Donor‐Acceptor Polymers for Organic Electrochemical Transistors

Donor‐Acceptor Polymers for Organic Electrochemical Transistors

Author: Angewandte Chemie International Edition

Organic electrochemical transistors (OECTs) are electronic devices that can convert biological stimuli (e.g, ion fluxes) into electrical signals. This makes them useful for monitoring metabolic processes in living systems. OECTs consist of a semiconductor or conductor thin-film, called “channel” and usually made of a conjugated polymer, which is in direct contact with an electrolyte.

Ethylene glycol (EG)-functionalized organic semiconductors are promising channel materials. Currently, the highest performing EG-functionalized semiconductors for OECT applications are based on all‐donor backbones. However, donor–acceptor polymer backbones could minimize side‐reactions and improve the safety and performance of OECTs.

Maximilian Moser, University of Oxford, UK, Iain McCulloch, University of Oxford and King Abdullah University of Science and Technology (KAUST), Thuwal, Saudi Arabia, and colleagues have synthesized three EG-functionalized donor-acceptor conjugated polymers based on diketopyrrolopyrrole (DPP) that provide OECT performances similar to those of all‐donor polymers. The team synthesized thiophene-flanked DPP units via a condensation reaction between diethyl succinate and 2‐thiophenecarbonitrile. The DPP unit was then functionalized with triethylene glycol chains and brominated to give a DPP-based monomer. This monomer was used in Stille cross‐coupling polymerizations with either 2,5-bis(trimethylstannyl)thieno[3,2-b]thiophene, 5,5’-bis(trimethylstannyl)-2,2’-bithiophene, or (3,3′-dimethoxy-[2,2′-bithiophene]-5,5′-diyl)bis(trimethylstannane) to give the three different polymers.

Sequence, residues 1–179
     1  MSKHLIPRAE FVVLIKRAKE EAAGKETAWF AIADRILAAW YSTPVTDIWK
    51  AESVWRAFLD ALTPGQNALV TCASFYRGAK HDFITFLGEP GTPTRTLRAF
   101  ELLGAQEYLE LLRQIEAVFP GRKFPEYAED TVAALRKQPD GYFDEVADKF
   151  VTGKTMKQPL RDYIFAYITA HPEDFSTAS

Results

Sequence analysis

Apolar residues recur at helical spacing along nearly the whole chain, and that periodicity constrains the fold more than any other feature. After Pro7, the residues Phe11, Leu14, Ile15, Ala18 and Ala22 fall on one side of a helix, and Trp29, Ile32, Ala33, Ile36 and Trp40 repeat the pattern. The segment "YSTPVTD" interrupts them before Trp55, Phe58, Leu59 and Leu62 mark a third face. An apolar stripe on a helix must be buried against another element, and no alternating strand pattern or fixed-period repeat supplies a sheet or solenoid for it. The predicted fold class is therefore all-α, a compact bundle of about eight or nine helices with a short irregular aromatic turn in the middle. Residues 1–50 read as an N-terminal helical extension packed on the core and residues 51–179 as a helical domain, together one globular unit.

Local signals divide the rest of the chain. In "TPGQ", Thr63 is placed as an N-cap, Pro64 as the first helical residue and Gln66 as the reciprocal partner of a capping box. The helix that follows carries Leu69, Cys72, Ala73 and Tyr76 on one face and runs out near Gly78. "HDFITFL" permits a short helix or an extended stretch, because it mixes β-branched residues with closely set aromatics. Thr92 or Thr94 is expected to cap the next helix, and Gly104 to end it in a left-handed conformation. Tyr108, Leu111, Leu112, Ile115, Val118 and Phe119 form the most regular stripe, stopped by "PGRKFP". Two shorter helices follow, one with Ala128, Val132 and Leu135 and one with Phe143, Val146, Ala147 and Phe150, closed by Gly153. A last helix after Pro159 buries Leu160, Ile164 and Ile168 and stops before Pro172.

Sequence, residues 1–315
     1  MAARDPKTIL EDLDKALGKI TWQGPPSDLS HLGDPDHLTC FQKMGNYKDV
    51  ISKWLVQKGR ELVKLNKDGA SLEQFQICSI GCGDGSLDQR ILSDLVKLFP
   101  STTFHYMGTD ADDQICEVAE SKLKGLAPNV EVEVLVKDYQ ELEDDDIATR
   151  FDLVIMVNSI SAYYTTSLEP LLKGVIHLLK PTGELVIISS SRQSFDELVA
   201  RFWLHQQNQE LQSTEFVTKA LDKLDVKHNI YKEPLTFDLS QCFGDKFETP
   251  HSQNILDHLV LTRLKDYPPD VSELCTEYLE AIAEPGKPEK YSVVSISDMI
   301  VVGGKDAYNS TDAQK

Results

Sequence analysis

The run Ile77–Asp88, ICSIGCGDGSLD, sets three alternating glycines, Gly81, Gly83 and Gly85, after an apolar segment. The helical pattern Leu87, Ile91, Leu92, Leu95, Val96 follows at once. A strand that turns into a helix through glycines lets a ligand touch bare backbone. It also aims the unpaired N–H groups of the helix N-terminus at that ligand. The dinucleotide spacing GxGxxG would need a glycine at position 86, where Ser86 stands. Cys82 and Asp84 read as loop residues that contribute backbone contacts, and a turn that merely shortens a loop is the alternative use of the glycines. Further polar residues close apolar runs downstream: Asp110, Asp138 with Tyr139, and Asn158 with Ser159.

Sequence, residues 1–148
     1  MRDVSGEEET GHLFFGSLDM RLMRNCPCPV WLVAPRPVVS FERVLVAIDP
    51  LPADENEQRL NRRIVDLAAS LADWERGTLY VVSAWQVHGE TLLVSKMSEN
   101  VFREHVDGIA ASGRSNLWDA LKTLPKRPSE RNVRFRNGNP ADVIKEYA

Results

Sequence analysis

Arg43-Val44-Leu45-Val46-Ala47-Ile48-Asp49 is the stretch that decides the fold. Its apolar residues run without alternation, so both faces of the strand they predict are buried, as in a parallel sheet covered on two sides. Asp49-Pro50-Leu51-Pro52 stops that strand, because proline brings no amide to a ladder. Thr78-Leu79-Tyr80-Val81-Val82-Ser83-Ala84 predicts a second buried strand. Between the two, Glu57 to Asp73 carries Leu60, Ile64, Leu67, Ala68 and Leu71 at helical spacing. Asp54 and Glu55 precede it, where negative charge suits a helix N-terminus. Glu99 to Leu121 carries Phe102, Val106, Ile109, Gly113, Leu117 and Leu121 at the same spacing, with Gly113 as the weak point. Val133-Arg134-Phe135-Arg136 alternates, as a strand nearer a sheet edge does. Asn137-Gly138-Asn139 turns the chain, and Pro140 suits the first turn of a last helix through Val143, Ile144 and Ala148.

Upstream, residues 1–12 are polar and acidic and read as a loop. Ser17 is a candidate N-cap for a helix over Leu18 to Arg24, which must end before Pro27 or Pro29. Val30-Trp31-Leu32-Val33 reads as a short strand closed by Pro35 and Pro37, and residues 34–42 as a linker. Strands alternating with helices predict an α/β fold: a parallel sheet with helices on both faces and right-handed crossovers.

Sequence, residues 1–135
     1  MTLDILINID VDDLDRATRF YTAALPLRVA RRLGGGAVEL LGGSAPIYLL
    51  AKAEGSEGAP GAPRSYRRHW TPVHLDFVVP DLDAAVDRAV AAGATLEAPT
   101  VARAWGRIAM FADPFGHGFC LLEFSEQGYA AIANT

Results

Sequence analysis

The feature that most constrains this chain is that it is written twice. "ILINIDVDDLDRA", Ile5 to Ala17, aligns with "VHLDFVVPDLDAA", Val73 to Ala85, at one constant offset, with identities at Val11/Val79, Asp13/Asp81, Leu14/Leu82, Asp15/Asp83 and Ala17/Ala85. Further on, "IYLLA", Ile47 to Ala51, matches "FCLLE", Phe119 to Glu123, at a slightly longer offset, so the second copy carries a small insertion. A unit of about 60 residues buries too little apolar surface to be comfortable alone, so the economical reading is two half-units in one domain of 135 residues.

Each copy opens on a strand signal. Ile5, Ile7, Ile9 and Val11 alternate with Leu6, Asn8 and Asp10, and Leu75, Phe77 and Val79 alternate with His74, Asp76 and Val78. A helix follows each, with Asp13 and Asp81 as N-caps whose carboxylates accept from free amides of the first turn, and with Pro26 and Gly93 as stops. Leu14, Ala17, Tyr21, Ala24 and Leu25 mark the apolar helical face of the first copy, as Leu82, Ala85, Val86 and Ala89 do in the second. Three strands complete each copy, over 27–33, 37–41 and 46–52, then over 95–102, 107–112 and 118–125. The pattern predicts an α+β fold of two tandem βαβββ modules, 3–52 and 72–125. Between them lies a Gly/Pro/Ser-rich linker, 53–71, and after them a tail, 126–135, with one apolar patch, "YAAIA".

All three polymers provide good OECT performance. The team found that increasing the degree of polaron delocalization in these semiconductors is important for improving their performance. Polarons are quasiparticles used in condensed matter physics to understand the interactions between electrons and atoms, e.g, in organic semiconductors or organic solar cells. This work provides guidelines for future OECT material design.



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